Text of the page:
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English: language of hope or broken dreams?
Stockholm University, Faculty of Humanities, Centre for Research on Bilingualism.
1992 (English)In: Adult basic education in South Africa: literacy, English as a second language, and numeracy / [ed] Barbara Hutton, Cape Town: Oxford University Press, 1992, 152-218 p.Chapter in book (Other academic)
Abstract [en]

This chapter provides a critical overview of the major debates, theories and teaching approaches in second language education for adults with little or no formal education. The first two sections examine the contested role of English as a language of access in South Africa and the debates surrounding the language of instruction for initial literacy. They draw on Nicaraguan and Mozambican literacy campaigns to illuminate some of the consequences of decisions on language of instruction for large-scale campaigns. The third section critically examines current approaches to teaching English as a second language to adults in South Africa in terms of the understandings of language and language learning that underpin them. The fourth and final section attempts to lay the groundwork for the second or additional language component of a future adult education policy. Framed by a vision of participatory democracy, it proposes a model which integrates theoretical principles from Freirean-inspired popular education, adult education and second language learning.

Place, publisher, year, edition, pages
Cape Town: Oxford University Press, 1992. 152-218 p.
Keyword [en]
Adult basic education, Adult literacy, English as a second language (ESL), Language teaching, Curriculum, Language education policy, South Africa
National Category
Specific Languages
Research subject
Linguistics
Identifiers
URN: urn:nbn:se:su:diva-26675ISBN: 0195707095 (print)ISBN: 9780195707090 (print)OAI: oai:DiVA.org:su-26675DiVA: diva2:210899
Available from: 2009-04-06 Created: 2009-04-06 Last updated: 2013-07-09Bibliographically approved
In thesis
1. Changing conceptions of literacies, language and development: Implications for the provision of adult basic education in South Africa
Open this publication in new window or tab >>Changing conceptions of literacies, language and development: Implications for the provision of adult basic education in South Africa
2009 (English)Doctoral thesis, comprehensive summary (Other academic)
Abstract [en]

This study aims to contribute to the growing body of knowledge on the circumstances under which adult education, in particular adult basic education, can support and occasionally initiate participatory development, social action and the realisation of citizenship rights. It traces developments in adult basic education in South Africa, and more specifically literacy and language learning, over the years 1981 to 2001, with reference to specific multilingual contexts in the Northern and Western Cape.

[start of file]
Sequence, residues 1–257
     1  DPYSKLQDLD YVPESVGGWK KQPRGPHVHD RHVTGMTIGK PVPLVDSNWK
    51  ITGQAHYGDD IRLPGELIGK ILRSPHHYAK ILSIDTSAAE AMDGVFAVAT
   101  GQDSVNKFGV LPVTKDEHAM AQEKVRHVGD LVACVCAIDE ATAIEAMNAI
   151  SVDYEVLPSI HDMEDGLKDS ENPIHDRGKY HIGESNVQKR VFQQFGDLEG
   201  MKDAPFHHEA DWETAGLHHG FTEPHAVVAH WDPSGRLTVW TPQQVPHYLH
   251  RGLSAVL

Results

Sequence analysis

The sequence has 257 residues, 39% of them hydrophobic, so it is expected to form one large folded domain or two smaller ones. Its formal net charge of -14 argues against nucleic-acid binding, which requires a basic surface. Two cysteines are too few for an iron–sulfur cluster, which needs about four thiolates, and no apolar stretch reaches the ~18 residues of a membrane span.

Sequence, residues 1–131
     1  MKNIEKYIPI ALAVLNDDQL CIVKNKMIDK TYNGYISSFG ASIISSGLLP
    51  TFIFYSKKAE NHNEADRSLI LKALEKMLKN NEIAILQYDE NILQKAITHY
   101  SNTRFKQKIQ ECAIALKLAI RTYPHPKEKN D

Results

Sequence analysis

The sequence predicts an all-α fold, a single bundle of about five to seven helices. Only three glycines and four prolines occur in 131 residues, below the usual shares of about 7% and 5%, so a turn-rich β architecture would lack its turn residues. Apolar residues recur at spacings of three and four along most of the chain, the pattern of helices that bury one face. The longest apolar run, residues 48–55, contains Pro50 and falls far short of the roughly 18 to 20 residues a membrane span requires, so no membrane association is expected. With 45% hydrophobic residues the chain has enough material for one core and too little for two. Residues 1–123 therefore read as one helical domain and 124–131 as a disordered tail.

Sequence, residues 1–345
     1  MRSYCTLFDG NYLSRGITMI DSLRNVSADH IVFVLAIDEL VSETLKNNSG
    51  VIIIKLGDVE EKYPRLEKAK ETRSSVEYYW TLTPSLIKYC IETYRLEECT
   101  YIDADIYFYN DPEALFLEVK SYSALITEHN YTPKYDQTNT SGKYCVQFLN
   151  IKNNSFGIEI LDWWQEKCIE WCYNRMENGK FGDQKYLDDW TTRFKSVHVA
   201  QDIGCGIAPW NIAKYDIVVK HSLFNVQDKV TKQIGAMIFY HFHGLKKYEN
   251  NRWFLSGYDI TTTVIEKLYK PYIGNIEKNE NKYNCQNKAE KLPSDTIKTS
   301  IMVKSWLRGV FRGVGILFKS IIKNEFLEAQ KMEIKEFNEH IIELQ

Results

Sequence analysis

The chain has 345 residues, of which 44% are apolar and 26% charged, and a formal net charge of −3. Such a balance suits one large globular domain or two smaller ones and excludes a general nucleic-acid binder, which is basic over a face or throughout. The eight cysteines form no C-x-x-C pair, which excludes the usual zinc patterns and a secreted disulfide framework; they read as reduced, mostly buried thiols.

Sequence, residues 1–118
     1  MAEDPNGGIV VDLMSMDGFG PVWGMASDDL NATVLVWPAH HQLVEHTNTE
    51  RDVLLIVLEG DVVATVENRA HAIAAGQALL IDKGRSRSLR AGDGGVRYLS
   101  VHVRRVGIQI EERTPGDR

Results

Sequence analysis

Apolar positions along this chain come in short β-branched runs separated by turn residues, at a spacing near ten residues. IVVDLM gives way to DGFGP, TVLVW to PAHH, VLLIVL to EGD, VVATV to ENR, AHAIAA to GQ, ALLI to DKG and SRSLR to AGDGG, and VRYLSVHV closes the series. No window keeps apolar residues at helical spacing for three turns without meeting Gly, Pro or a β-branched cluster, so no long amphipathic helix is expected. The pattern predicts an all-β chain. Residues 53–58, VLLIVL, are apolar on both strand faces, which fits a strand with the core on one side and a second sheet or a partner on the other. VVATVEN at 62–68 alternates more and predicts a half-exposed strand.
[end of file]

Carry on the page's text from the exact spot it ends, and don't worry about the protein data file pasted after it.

The thesis is based on four individual studies, documenting an arc from grassroots work to national policy development and back. Study I, written in the early 1990s, critically examines approaches to teaching English to adults in South Africa at the time and proposes a participatory curriculum model for the additional language component of a future adult education policy. Study II is an account of attempts to implement this model and explores the implications of going to scale with such an approach.  Studies III and IV draw on a qualitative study of an educator development programme after the transition to democracy. Study III uses Bourdieu's theory of practice and the concept of reflexivity to illuminate some of  the connections between local discursive practices, self-formation, and broader relations of power. Study IV uses Iedema's (1999) concept of resemiotisation to trace the ways in which individuals re-shaped available representational resources to mobilise collective agency in community-based workshops. The summary provides a framework for these studies by locating and critiquing each within shifts in the political economy of South Africa. It reflects on a history of research and practice, raising questions to do with voice, justice, power, agency, and desire. Overall, this thesis argues for a reconceptualisation of ABET that is more strongly aligned with development goals and promotes engagement with new forms of state/society/economy relations.

 

 

Place, publisher, year, edition, pages
Stockholm: Centre for Research on Bilingualism, Stockholm University, 2009. 65 p.
Series
Dissertations in Bilingualism, ISSN 1400-5921 ; 18
Keyword
adult literacy, adult basic education, agency, citizenship, critical applied linguistics, development, linguistic citizenship, multilingualism, reflexivity, resemiotisation, voice.
National Category
Specific Languages
Research subject
Bilingualism Research
Identifiers
urn:nbn:se:su:diva-26581 (URN)978-91-7155-852-7 (ISBN)
Public defence
2009-05-18, G-salen, Arrheniuslaboratorierna, Svante Arrhenius väg 16, Stockholm, 13:00 (English)
Opponent
Supervisors
Available from: 2009-04-27 Created: 2009-04-01 Last updated: 2010-06-15Bibliographically approved

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CiteExportLink to record
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Cite
Citation style
  • apa
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  • modern-language-association-8th-edition
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  • Other style
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Language
  • de-DE
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  • Other locale
More languages
Output format
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  • asciidoc
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